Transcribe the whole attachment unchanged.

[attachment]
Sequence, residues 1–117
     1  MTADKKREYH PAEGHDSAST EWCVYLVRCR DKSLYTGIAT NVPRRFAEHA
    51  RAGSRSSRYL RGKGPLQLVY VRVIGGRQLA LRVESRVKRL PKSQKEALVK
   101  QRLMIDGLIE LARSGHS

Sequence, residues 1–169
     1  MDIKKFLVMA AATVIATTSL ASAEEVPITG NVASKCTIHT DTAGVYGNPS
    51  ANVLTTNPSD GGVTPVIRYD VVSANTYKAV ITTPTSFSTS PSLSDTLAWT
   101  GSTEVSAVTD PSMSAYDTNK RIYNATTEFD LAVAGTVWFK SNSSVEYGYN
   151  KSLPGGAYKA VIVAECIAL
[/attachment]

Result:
Sequence, residues 1–117
     1  MTADKKREYH PAEGHDSAST EWCVYLVRCR DKSLYTGIAT NVPRRFAEHA
    51  RAGSRSSRYL RGKGPLQLVY VRVIGGRQLA LRVESRVKRL PKSQKEALVK
   101  QRLMIDGLIE LARSGHS

Sequence, residues 1–169
     1  MDIKKFLVMA AATVIATTSL ASAEEVPITG NVASKCTIHT DTAGVYGNPS
    51  ANVLTTNPSD GGVTPVIRYD VVSANTYKAV ITTPTSFSTS PSLSDTLAWT
   101  GSTEVSAVTD PSMSAYDTNK RIYNATTEFD LAVAGTVWFK SNSSVEYGYN
   151  KSLPGGAYKA VIVAECIAL